Like many communities in the U.S., the Twin Cities metropolitan area has become increasingly vocal around social justice—exposing and documenting local poverty, inequity, and discrimination. Amid this wave, Hennepin County is actively seeking out population health policy opportunities to engage high-risk families and children, with the goal of developing and implementing upstream, cross-sector interventions to preserve unified, healthy families and avoid out of home placements (i.e., foster care).
In 2015, the North Carolina legislature passed “The Healthy Food Small Retailer Program” (HFSRP), allocating $750,000 over three years to small food retailers located in USDA-defined food deserts. These funds could be used to purchase and install refrigeration equipment, display shelving, and other equipment necessary for stocking nutrient-dense foods, including fresh vegetables and fruits, whole grains, lean meats, and seafood.
In the U.S., the key challenge for many households is housing affordability. Households paying more than one-half of a limited total income for rent have very little left over for food, transportation, education, and other critical expenses. And these rent burdens have only been growing. In 1960, fewer than one in four renters was rent-burdened (or paid more than 30 percent of their income on rent); today that fraction is nearly half.
Each day in the U.S. there are approximately half a million individuals detained while awaiting trial. This high rate of pretrial detention may be due both to the widespread use of monetary bail, and to the limited financial resources of most defendants. Less than 50 percent of defendants in the U.S. are able to post bail even when it is set at $5,000 or less. While some defendants are detained for only a few days, others are detained for the entire period prior to the final dispositions of their cases.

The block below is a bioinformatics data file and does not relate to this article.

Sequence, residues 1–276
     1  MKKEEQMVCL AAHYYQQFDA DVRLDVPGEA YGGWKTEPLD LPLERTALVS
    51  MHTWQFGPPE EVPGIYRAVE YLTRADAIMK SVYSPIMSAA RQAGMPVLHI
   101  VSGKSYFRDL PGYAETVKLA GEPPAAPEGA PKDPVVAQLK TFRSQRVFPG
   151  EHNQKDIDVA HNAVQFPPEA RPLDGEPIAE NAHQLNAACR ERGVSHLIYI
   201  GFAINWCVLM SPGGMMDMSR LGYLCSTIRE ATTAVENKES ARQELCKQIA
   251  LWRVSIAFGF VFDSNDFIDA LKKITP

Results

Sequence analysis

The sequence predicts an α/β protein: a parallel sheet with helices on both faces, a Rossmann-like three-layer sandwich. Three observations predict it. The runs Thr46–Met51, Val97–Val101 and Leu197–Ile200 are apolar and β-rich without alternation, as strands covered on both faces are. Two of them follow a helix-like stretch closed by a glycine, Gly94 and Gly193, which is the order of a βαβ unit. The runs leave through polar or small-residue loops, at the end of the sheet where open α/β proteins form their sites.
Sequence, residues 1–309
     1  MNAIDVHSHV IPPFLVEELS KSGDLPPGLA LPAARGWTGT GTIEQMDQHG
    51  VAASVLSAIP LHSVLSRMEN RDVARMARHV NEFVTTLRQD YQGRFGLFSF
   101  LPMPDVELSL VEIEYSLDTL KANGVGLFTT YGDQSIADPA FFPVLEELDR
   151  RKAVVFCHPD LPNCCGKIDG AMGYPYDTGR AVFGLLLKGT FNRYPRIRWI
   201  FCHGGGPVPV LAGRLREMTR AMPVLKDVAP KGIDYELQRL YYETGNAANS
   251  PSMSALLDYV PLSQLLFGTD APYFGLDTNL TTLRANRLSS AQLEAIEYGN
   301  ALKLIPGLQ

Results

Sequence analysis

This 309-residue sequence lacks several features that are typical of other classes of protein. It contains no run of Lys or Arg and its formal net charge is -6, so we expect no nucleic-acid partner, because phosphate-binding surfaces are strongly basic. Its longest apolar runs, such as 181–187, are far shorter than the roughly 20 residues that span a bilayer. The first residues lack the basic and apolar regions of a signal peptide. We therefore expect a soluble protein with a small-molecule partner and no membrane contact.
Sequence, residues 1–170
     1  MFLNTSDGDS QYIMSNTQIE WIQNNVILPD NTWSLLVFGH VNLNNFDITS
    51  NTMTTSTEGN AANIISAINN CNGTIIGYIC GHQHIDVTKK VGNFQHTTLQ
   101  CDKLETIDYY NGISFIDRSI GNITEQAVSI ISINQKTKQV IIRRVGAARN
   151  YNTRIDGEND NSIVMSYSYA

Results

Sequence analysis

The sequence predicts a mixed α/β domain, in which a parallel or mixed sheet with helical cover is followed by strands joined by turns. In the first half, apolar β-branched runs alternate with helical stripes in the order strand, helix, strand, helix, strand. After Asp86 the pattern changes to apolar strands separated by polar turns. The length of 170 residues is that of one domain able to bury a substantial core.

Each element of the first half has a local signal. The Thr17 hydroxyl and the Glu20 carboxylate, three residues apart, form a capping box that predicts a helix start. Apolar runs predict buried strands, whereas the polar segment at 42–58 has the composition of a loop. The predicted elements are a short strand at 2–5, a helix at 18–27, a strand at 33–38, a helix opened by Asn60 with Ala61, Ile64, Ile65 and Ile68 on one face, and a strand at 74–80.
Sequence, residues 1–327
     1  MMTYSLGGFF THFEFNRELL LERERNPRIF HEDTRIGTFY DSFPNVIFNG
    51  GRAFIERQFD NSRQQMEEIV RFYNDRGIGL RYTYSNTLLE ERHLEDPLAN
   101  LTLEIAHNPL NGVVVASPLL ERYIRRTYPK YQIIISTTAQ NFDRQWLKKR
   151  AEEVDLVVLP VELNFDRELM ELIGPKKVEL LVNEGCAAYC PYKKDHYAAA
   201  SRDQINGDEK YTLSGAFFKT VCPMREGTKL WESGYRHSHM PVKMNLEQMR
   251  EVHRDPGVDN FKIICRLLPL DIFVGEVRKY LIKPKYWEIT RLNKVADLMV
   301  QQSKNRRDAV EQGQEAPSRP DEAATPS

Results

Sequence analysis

In many jurisdictions, offenders who commit relatively minor offenses are arrested and prosecuted to the full extent of the criminal law. Yet subjecting these offenders to pretrial detention, post-conviction incarceration, and searchable arrest and conviction records, may have hidden social costs.
In recent decades, the “broken windows” approach to policing has led several large U.S. cities to employ the proactive policing program known as “Stop, Question, and Frisk” (SQF). The New York City Police Department (NYPD) made over 5 million such stops between 2002 and 2016.
Late elementary school and middle school has long been seen as a critical point in child development, and several studies have shown that students experience a decline in performance when they transition from elementary to middle or middle to high school, and that they do not recover from these dips. Local school boards may choose to operate schools as K-8 combined elementary and middle schools or as K-5 elementary schools with separate middle schools, but little is known about how this structuring of grades might influence health outcomes or behavior.
Leveraging more than a decade’s worth of data, the researchers will examine relationships between at-risk children’s health and education outcomes, as well as access to public services. This is vital information as states across the country, and Tennessee in particular, adopt new laws and resolutions that encompass a wide range of policy actions related to child health and education.
While multiple studies show a positive association between employment status and improved physical and mental health, it is unclear whether this relationship is causal. Building on work in Kentucky, Louisiana, Arkansas, and Texas, the research team will analyze the effects of Medicaid work requirements on coverage rates, access to care, and employment among low-income adults.